As they leave the safety and care of our foster parents, the children and their caregivers know that the future is uncertain.  But most importantly they know that wherever their path may lead, they will take with them the seeds that have already started a new work in them. They know that their foster mother and others will continue to pray a covering over them. They know that their Heavenly Father will never leave them or forsake them.  They have learned to trust that God is able to redeem their loss and brokenness. God used the dust of their lives to make something new and beautiful. They have been given a new name.  They are called  loved, valued, smart, kind, creative, resilient, cherished prince or princess of the most high God.

They carry in their hearts these words:

I have been set free in Christ. (Galatians 5:1).

I am no longer a slave but a son, and as a son, then you are also an heir through God (Galatians 4:7).

I am chosen, holy, and blameless before God. (Ephesians 1:4).

I am redeemed and forgiven by the grace of Christ.(Ephesians 1:7).

I don’t know about you, but as a caregiver to wave upon wave of children who come from hard places, it is often too easy for me to hold on to the hurt and the questions. Have you ever done that?  The pain is familiar and expected and it sometimes feels easier than facing the unknown. But that is a trap. Jesus has made it clear that these are things I was never meant to bear. He reminds me in Matthew 11 that “my yoke is easy and my burden is light.”  He urges me to leave my burdens at the cross. Everyday that I submit to His calling, Jesus is doing a new work in me. He is continually making things new and showing me light in the midst of darkness. He is always ready to take my shame, pain, fear and to give me hope and joy in return. Just as He calls my children, He also calls me chosen, holy, free, redeemed and forgiven. When we allow Him, He is able to use the dust of our brokenness to do something new and to create something beautiful.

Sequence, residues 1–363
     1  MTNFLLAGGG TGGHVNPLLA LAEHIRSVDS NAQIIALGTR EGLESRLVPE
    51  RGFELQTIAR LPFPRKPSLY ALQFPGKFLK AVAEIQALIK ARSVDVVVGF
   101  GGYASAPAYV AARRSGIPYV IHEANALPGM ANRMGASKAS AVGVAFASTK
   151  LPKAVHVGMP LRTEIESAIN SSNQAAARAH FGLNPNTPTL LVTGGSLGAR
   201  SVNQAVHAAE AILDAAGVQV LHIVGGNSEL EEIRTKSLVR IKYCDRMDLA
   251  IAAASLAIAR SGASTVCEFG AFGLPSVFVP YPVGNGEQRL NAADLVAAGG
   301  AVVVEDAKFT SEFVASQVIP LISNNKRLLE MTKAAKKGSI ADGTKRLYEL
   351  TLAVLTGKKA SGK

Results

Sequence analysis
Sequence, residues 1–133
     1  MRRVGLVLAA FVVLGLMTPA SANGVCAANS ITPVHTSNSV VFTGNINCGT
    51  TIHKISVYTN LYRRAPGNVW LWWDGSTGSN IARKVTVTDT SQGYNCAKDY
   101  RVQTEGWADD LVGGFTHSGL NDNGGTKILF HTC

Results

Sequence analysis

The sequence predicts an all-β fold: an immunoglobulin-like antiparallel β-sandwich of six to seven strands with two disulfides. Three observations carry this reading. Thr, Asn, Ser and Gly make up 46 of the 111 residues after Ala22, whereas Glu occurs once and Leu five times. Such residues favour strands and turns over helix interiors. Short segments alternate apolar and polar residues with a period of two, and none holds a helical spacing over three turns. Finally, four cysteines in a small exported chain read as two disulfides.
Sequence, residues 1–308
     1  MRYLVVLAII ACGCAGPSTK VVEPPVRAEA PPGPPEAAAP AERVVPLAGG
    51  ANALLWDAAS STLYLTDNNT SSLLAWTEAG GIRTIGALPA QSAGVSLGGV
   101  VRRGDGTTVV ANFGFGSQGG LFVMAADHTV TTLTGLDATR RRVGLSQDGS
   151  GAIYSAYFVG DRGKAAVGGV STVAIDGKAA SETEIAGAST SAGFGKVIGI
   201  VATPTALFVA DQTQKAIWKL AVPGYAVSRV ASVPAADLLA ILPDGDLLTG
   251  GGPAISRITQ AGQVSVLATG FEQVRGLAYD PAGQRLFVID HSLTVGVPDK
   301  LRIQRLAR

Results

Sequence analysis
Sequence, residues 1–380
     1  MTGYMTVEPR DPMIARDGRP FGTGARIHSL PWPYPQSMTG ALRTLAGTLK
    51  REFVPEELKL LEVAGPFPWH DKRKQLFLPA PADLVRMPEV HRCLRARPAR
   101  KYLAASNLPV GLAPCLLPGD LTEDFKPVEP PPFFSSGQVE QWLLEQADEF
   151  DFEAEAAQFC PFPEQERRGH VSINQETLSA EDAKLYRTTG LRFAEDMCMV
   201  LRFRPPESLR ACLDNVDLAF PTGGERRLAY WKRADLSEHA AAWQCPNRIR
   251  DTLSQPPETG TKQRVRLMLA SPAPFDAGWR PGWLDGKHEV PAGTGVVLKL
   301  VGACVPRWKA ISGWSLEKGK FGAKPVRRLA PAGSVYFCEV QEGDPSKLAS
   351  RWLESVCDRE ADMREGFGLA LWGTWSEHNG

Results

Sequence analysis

Will you choose with me today to give him your dust and let God do something new in you? Let’s choose again to trust Him to carry our burdens. Let’s step out refreshed in our faith and overwhelmed by his grace so that He will give us testimonies that will unquestionably speak of His goodness and bring Him glory.

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Marianne Irwin-Spangler
marianne@legacyofhopefoundation.org
1Comment
  • Lisa Wharton
    Posted at 08:50h, 31 August Reply

    I was lead to pray for you this morning and God spoke “touch”. God has touched me with your beautiful words & mission. I will share this blog to touch others with the good work that the LORD is doing in and through you. May God continue to touch you with His encouragement, strength and great blessings!